Rebecca Wolf

This blog is a chronicle of my daughters' growth - born July 2003 and May 2007. Be sure to check out the Thriving Babies homepage, for videos and instructions on how to use every type of baby carrier. For literacy and homeschooling tips, visit my Rochester-based Learning Center blog at

Sunday, November 11, 2007

How to Safely Co-sleep with Your Infant

Well, I just watched the news story that WHAM-13 interviewed us for on Co-sleeping. It amazes me how so many parents co-sleep with their children yet public officials just give a blanket condemnation of co-sleeping rather than taking the time to disseminate information on how to safely co-sleep. I have to give Rachel Barnhart credit for tackling this issue on many fronts but also for attempting to get information on how to safely cosleep with infants out to the public.

As a breastfeeding mother, co-sleeping makes it easier for me to comfort my baby when she is sick or wakeful without disturbing my own sleep. This provides my child with the best possible nutrition and it helps me be the best parent I can be because I get a good night's rest.

Other benefits to cosleeping include knowing what's going on with your child. Arianna woke up and couldn't breathe one night. I was right next to her, woke up immediately and was able to call 911 and get her help that much quicker. Many children die in fires, but less do when they are cosleeping because they are woken up and helped to safety by their parents.

In my e-book, I also describe how baby's developing vestibular system is improved by being in close proximity to an adult. I don't think it's natural to have a baby go from mother's womb to sleeping in a crib in a room all by herself. But I also believe that every family has to make choices that they can live with. (I am trying to hold myself back from getting sidetracked by the fact that crib manufacturers have funded the research that claims co-sleeping is unsafe. I would just like to spread the word about how to safely co-sleep.)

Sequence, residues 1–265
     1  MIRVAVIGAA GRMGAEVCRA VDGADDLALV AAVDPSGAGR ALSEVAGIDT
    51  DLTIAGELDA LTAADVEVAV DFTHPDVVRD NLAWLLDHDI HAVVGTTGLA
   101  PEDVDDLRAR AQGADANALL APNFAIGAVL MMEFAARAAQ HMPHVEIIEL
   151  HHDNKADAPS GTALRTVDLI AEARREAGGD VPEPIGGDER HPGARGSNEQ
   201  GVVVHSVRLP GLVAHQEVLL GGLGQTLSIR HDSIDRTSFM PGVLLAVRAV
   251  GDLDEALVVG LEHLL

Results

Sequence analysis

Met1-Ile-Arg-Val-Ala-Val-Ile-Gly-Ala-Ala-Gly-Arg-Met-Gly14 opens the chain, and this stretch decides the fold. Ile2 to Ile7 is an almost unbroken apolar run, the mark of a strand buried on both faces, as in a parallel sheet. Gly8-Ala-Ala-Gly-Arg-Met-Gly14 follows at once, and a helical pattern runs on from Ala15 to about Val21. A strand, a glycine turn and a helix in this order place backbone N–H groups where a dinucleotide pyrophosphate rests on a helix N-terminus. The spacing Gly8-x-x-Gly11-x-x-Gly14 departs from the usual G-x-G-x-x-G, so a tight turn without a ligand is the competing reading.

So, the long and short of it is: if you are going to co-sleep, make sure you take the necessary precautions. Just as you use your seat belt when driving a car to help mitigate your risk of injury, so you should take care when sleeping with your baby.

Cosleeping Safely
• Make sure that your mattress is firm and fits tightly in the frame.
• Sheets should fit your mattress snugly.
• Loose pillows or soft blankets should be kept away from your baby’s face.
• Always place your baby on his back or his side to sleep.
• No one who shares sleep with your baby should drink alcoholic beverages, take drugs, be exceptionally obese, or be on medication that makes him or her less alert.
• Consider keeping your young baby next to his mother only, because mothers seem to be especially aware of their babies in bed.
• Keep an adult between any older child and your baby.
• Use a crib or commercially available “sidecar”next to the bed.
• Make sure the sides of the bed are either tight against the wall or far enough away from the wall that your baby can’t become trapped. Or use a bed rail on the side of the adult bed.
• Keep the bed low to the ground, maybe even on the floor, to minimize any falls.

Sources: Good Nights by Jay Gordon, MD and Maria Goodavage and Sweet Dreams by Paul Fleiss, MD

Go to: for the news story on Infant Deaths Related to Co-Sleeping.

If you'd like to listen to the ENTIRE interview done with us, rather than just the few seconds you might have seen on TV, go to:

What did YOU think of the interview?